On December 12th, 2018, the Securities and Exchange Commission (the “SEC”) released an Administrative Order to Cease and Desist against a dually registered investment adviser/broker-dealer and its sole principal (collectively, the “Adviser”). The SEC sanctioned these individuals for violations of the Investment Advisers Act of 1940 (the “Advisers Act”) and the Securities Exchange Act of 1934 (the “Exchange Act”).
According to the SEC, the Adviser breached its fiduciary duty to clients by receiving undisclosed financial compensation by overcharging clients for “confirmation fees.” Under Section 206(2) of the Advisers Act, advisers cannot use any means or instrumentality of interstate commerce to engage in any transaction, practice, or course of business that operates as a fraud or deceit upon any client or prospective client.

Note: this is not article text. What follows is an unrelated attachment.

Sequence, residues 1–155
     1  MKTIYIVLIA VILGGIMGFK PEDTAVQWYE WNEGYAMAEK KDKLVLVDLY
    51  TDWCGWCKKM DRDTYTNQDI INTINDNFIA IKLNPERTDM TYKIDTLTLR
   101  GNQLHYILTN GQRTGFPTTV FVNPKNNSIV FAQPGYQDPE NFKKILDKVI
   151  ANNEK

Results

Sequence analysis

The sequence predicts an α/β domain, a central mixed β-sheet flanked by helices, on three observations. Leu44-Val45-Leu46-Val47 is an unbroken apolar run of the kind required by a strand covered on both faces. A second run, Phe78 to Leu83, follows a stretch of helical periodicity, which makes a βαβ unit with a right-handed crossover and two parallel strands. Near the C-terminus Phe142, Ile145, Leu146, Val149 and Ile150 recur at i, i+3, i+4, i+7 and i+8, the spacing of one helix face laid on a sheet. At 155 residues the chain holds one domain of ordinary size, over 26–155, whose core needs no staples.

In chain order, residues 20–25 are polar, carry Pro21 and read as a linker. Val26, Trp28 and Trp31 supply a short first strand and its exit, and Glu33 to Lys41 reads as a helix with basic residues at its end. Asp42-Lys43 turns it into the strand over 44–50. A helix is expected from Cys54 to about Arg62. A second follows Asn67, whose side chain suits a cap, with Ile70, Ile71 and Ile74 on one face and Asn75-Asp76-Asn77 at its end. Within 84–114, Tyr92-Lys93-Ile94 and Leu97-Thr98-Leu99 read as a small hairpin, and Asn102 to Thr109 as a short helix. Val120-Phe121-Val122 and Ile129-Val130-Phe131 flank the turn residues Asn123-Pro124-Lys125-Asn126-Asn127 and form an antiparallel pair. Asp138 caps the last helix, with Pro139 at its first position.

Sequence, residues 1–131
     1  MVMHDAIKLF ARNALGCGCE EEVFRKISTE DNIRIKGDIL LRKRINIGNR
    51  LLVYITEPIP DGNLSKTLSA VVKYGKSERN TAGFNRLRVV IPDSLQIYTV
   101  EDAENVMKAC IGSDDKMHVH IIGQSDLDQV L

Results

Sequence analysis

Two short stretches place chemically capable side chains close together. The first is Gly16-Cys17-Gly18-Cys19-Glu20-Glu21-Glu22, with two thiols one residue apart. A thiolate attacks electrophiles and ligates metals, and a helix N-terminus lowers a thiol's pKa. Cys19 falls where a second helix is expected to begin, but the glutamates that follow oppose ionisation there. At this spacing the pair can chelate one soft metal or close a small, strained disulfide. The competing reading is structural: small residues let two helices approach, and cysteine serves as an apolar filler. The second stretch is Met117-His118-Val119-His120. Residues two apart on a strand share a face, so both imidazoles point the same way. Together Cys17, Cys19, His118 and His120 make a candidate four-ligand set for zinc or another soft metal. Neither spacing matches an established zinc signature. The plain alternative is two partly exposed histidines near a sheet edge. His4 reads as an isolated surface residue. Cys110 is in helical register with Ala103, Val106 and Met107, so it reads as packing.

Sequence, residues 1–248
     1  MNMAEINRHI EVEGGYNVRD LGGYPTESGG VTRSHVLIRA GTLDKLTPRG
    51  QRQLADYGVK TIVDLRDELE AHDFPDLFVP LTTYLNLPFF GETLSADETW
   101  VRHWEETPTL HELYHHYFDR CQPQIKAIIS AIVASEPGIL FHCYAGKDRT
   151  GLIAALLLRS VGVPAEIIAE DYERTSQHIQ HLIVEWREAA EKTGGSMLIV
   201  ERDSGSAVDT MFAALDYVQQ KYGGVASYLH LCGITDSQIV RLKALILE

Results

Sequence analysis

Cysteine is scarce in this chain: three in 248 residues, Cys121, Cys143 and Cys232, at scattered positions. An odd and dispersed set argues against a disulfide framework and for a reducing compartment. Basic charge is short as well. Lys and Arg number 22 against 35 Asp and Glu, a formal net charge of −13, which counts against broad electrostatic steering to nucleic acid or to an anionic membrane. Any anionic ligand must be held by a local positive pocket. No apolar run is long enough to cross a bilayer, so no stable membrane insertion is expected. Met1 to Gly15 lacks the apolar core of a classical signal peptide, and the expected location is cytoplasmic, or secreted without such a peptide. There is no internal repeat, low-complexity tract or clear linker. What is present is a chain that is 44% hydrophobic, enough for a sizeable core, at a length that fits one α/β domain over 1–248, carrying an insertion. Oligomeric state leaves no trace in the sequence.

In addition, the SEC charged the Adviser with a failure to adopt written policies and procedures that governed best execution. Under Section 203 of the Advisers Act, advisers cannot provide investment advice unless, (1) a chief compliance officer is designated; (2) an annual review is conducted; and (3) a set of policies and procedures (typically known as the Compliance Manual and Code of Ethics) has been adopted.
The SEC ordered the Adviser to cease and desist, to be censured, and to jointly and severally pay disgorgement and civil penalties totaling nearly $600,000.
WHAT DOES THIS MEAN FOR ME?
The Adviser took remedial action by retaining a third-party compliance consultant, engaging in compliance training, and by adopting revised policies and procedures reasonably designed to prevent future violations of federal securities laws.
If you have any questions about the requirements of the Advisers Act or policies and procedures governing best execution, please reach out to Fairview directly. Fairview is committed to ensuring its clients’ compliance programs are robust and compatible with SEC regulations.